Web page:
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Unity Dependency Injection in ASP.NET MVC VNext

With out a doubt, Microsoft is having an amazing year. Windows 10 has just been released, the majority of their enterprise development tools have made their way to Github, we’ve got a new Visual Studio including the rebuilt from the ground up Roslyn compiler and we’ll soon be getting a production ready ASP.NET 5 totally rebuilt on top of the new cross platform .NET core. Beta 6 has just been released and I’ve been experimenting with the new Web Application project setup and MVC 6; I have to say Microsoft has truly embraced a modern, community driven approach to web development. However this post isn’t about front end development, nor is it meant to be a forum for my fanboyism. Lets get to the meat and start discussing the new dependency injection framework baked into the new ASP.NET platform.

ASP 5 begins in the Startup class, in the same way as was used in its OWIN predecessor.

public class Startup
{
    // This method gets called by a runtime. Use this method to add services to the container
    public IServiceProvider ConfigureServices(IServiceCollection services)
    {
        services.AddMvc();
        services.AddTransient<ITransientService, TransientService>();
        services.AddScoped<IScopedService, ScopedService>();
        services.AddSingleton<ISingletonService, SingletonService>();
    }

    // Configure is called after ConfigureServices is called.
    public void Configure(IApplicationBuilder app, IHostingEnvironment env)
    {
        // Configure the HTTP request pipeline.
        app.UseStaticFiles();

        // Add MVC to the request pipeline.
        app.UseMvc();
    }
}

Here you can see services are registered in the ConfigureServices method, afterwards a Configure method is called that adds initialization of external middle-ware. In our case we’re just using MVC. We are given 3 methods to register services based on scope: transient for per resolution instances, scoped for per lifetime instances or singleton global instances.  The built in DI system, in its current version, does have some limitations:

  1. Only constructor injection is supported
  2. Resolved types can only have one constructor
  3. Missing advanced features from existing Inversion of Control containers.

Since this is the case, lets use an existing container.  Autofac has the only working out of the box DI solution for ASP currently.  The Autofac.Framework.DependencyInjection package is available through Nuget.org. But… Personally I think the Unity IoC container is the best DI framework out there and after much trial and error I have finally have a solution. So, lets get this thing working with Unity!

First things first, ASP’s new DI framework uses a few conventions that are incompatible to Unity’s.
The first one we need to take care of is how collections of registrations are handled. This is important since there are sevaral cases where ASP attempts to resolve a collection of a given type as part of a plugin oriented architecture. When performing injection or simple resolves Unity will return an array. In this case the ASP libraries will be expecting an IEnumerable instead. In order to work around this we will need to extend Unity with a resolution strategy for resolving IEnumerable. Fortunately NancyFx already has an implementation for this in their Unity Boostrapper. Grab the source for EnumerableExtension.cs and EnumerableResolutionStrategy.cs at their Nancy.Boostrappers.Unity github repo.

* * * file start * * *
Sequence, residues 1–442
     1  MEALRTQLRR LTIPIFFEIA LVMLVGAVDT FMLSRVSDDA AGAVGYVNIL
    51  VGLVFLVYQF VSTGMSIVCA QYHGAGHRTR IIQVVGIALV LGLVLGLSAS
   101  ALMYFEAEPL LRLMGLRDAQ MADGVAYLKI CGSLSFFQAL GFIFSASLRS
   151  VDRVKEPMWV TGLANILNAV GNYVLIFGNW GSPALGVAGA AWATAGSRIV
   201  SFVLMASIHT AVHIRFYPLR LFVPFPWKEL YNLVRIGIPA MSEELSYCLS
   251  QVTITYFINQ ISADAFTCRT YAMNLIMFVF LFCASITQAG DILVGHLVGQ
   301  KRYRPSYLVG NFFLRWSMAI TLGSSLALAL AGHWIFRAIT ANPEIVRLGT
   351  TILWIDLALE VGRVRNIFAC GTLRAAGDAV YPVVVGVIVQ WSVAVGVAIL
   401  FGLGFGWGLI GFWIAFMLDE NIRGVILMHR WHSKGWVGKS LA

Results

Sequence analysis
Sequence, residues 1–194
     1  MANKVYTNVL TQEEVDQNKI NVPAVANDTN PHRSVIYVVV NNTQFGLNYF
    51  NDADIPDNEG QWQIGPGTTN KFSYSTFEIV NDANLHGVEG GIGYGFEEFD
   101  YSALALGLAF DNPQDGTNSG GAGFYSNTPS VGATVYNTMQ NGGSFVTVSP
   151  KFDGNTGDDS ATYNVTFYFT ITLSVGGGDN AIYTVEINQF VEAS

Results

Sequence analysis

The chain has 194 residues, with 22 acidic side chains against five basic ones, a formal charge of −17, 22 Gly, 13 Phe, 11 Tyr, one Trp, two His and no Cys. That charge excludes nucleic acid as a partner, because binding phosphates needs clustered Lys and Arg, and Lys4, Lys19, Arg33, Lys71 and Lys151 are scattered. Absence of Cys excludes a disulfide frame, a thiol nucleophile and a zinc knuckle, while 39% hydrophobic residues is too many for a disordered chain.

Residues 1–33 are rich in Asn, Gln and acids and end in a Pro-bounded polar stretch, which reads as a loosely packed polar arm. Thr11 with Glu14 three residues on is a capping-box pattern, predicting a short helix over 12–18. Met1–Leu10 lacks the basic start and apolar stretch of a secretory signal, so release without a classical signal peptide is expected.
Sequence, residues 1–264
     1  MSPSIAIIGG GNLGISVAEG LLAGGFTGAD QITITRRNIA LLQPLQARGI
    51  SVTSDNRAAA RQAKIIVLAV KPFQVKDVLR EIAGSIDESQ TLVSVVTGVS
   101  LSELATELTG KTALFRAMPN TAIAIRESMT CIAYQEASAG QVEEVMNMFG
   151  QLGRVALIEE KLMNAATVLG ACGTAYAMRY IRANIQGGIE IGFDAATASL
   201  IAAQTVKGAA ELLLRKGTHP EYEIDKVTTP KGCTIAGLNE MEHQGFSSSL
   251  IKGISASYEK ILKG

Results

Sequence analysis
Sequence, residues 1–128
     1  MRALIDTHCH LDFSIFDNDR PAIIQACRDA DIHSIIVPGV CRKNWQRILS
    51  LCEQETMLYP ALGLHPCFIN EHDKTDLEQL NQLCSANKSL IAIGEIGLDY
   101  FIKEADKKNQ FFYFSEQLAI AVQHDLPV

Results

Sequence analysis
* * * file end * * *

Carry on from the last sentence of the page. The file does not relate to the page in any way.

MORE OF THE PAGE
Next we need to wire in Unity to ASP’s service provider. Take a look at the following ConfigureServices method as part of Startup.cs

public IServiceProvider ConfigureServices(IServiceCollection services)
{
    services.AddMvc();

    var container = new UnityContainer();
    container.Populate(services);

    return container.Resolve<IServiceProvider>();
}

We’ve altered the ConfigureServices method to return an IServiceProvider. ASP will use this ServiceProvider in place of the default one on startup. To get this ServiceProvider we start up a UnityContainer and bootstrap it with the Populate(services) extension and then resolve the provider from the bootstrapped container. To get this to work, we’re going to need a few things. The following was created by using the Autofac.Framework.DependencyInjection ASP 5 implementation as a template.

public class UnityServiceScope : IServiceScope
{
    private readonly IUnityContainer _container;
    public IServiceProvider ServiceProvider { get; }

    public UnityServiceScope(IUnityContainer container)
    {
        _container = container;
        ServiceProvider = _container.Resolve<IServiceProvider>();
    }

    public void Dispose()
    {
        _container.Dispose();
    }
}

public class UnityServiceScopeFactory : IServiceScopeFactory
{
    private readonly IUnityContainer _container;

    public UnityServiceScopeFactory(IUnityContainer container)
    {
        _container = container;
    }

    public IServiceScope CreateScope()
    {
        return new UnityServiceScope(CreateChildContainer());
    }

    private IUnityContainer CreateChildContainer()
    {
        var child = _container.CreateChildContainer();
        child.AddExtension(new EnumerableResolutionExtension());

        return child;
    }
}

public class UnityServiceProvider : IServiceProvider
{
    private readonly IUnityContainer _container;

    public UnityServiceProvider(IUnityContainer container)
    {
        _container = container;
    }

    public object GetService(Type serviceType)
    {
        try
        {
            return _container.Resolve(serviceType);
        }
        catch ()
        {
            return null;
        }
    }
}